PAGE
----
This are eccentrically loaded bolts in which the plane of loading is parallel to the bolt plane.When deriving an equation to this particular problem almost all books start by assuming that $$\frac{F_{1}}{r_{1}}=\frac{F_{2}}{r_{2}}=\frac{F_{3}}{r_{3}}=...=c$$ So, how can one make such assumptions and have a correct answer.Meaning, wouldn't a different assumption cause different results? Is there some type physical meaning to the assumption made?

I too had the same doubt but here is what I make sense of it.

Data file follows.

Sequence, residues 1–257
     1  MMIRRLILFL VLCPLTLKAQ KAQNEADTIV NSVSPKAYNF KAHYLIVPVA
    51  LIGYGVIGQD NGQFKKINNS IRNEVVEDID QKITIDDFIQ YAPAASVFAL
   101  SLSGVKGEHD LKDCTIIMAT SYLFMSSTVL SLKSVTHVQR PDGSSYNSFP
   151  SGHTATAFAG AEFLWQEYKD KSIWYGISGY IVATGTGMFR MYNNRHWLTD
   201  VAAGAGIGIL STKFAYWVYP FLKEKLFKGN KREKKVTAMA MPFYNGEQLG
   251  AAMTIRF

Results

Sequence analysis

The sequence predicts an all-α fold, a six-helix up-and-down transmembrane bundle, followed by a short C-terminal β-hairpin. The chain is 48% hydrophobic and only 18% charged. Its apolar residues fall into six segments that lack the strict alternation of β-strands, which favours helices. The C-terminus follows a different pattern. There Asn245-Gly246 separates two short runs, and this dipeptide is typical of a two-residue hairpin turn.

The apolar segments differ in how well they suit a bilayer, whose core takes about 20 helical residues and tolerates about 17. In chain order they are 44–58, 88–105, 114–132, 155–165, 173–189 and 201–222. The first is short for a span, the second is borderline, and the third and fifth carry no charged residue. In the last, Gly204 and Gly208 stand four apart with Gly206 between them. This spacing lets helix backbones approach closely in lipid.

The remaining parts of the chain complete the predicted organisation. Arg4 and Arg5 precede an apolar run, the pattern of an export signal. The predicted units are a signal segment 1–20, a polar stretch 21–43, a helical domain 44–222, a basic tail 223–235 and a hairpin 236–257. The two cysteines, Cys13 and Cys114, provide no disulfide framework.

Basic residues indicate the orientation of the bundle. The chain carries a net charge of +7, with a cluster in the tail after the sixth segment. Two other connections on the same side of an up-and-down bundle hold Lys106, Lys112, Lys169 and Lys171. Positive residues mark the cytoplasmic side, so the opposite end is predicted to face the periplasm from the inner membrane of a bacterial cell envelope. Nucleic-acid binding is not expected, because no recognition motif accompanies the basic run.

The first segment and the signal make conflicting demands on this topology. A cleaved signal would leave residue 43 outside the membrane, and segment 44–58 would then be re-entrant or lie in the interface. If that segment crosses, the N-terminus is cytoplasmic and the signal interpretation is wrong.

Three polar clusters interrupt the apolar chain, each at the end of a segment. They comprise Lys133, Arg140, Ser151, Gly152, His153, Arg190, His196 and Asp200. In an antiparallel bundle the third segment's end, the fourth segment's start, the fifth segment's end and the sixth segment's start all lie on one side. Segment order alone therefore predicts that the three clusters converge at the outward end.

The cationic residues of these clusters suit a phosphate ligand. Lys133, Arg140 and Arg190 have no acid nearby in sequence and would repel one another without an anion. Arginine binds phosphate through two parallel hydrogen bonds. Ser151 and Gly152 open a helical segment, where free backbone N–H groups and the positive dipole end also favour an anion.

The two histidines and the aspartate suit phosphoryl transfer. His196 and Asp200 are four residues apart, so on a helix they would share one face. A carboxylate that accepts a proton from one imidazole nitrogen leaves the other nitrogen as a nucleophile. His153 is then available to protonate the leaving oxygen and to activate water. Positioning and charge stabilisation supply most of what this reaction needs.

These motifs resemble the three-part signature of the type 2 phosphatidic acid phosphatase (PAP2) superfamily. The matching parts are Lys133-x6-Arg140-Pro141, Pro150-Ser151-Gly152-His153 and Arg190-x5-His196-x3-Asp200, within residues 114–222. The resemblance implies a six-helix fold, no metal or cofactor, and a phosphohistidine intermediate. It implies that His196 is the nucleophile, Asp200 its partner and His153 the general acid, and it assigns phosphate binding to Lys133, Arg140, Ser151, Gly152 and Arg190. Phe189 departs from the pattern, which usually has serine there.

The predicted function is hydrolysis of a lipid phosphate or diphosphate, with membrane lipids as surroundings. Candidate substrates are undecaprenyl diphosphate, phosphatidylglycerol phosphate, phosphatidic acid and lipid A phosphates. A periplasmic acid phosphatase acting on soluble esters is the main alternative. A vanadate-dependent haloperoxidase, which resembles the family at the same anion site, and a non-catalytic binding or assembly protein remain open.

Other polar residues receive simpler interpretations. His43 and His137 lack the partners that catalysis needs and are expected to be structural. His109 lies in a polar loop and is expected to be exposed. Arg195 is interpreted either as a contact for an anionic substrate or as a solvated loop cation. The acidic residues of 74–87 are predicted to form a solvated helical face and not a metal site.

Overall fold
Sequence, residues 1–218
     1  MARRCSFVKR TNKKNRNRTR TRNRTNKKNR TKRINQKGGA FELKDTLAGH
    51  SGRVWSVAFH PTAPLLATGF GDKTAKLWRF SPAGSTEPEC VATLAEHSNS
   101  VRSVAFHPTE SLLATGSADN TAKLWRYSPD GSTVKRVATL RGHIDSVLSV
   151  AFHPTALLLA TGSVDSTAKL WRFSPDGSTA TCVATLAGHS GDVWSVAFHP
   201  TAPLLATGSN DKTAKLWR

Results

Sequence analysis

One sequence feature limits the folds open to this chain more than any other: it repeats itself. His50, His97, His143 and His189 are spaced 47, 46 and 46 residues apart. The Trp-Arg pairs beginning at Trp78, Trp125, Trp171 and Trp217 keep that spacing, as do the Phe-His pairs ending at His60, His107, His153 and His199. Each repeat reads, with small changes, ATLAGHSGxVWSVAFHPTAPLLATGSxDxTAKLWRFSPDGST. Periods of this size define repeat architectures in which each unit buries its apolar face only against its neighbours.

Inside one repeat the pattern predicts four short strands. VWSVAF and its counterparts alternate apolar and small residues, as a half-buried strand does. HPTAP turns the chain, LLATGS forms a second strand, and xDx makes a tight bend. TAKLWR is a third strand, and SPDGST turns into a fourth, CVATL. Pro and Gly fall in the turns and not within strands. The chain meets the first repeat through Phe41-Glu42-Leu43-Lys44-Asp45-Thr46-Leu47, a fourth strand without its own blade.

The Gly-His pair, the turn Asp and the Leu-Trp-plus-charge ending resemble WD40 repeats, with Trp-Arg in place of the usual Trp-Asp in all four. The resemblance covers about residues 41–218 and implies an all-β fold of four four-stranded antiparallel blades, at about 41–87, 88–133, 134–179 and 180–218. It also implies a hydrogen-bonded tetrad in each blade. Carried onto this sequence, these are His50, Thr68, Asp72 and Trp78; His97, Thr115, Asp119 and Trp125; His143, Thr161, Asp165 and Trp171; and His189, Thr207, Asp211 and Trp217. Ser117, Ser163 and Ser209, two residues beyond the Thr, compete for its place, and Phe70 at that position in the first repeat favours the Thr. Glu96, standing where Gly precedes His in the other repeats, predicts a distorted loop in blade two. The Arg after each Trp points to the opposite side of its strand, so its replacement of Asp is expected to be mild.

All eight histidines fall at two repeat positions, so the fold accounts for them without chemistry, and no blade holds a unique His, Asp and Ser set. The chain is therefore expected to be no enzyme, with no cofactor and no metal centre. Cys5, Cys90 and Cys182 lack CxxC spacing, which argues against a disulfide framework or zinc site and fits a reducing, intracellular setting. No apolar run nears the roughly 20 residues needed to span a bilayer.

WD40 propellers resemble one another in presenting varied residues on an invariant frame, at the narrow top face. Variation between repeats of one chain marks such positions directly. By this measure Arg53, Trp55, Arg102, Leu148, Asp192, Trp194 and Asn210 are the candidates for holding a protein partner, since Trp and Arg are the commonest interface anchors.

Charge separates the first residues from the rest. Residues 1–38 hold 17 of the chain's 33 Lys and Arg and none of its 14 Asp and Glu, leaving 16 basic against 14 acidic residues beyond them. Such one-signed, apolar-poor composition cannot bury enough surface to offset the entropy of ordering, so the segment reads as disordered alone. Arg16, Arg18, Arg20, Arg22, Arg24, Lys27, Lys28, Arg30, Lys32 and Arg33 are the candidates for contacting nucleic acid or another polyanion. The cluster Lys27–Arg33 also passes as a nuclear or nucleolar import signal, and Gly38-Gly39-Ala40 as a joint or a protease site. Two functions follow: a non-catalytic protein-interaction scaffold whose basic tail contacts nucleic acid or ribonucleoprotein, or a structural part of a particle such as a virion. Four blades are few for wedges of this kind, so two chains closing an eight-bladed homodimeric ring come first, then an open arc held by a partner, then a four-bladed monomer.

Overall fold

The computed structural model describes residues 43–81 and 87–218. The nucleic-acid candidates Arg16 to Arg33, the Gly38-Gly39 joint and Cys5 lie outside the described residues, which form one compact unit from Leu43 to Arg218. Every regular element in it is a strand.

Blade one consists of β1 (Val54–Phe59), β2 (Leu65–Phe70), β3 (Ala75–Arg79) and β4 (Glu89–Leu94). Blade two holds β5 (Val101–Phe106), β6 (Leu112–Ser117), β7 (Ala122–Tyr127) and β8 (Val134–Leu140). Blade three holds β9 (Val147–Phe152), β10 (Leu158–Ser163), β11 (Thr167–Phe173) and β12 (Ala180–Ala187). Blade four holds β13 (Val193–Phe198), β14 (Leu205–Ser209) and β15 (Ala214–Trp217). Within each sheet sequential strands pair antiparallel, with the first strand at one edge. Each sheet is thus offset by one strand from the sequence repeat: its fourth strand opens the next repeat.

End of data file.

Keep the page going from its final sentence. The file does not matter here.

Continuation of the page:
$$I*\alpha=P*e$$ ; α=angular acceleration

$$I= m_1*l_1^2 +m_2*l_2^2+m_3*l_3^2+m_4*l_4^2$$

$$α=P*e/(m*(l_1^2+l_2^2+l_3^2+l_4^2))$$ -1

Angular acceleration of all mass particles in the system is same. Know let us assume that there was no external Torque ($$P*e$$) and the bolts produced the same reaction Moment. Then each bolts contribution for the net Moment must be in such that its angular acceleration about CG is same.

So,

$$F_1/(l_1*m_1) = F_2/(l_2*m_2)=F_3/(l_3*m_3)=F_4/(l_4*m_4)= α$$

General assumption is all bolts are same. So, $$m_1=m_2=m_3=m_4=m$$

$$F_1/l_1 = F_2/l_2 =F_3/l_3 =F_4/l_4 = m*α$$ -2

From 1 & 2

$$F_1/l_1 = F_2/l_2 =F_3/l_3 =F_4/l_4 = α = P*e/(l_1^2+l_2^2+l_3^2+l_4^2)$$

The last equation is given in many textbooks. So I assume the approach must be true.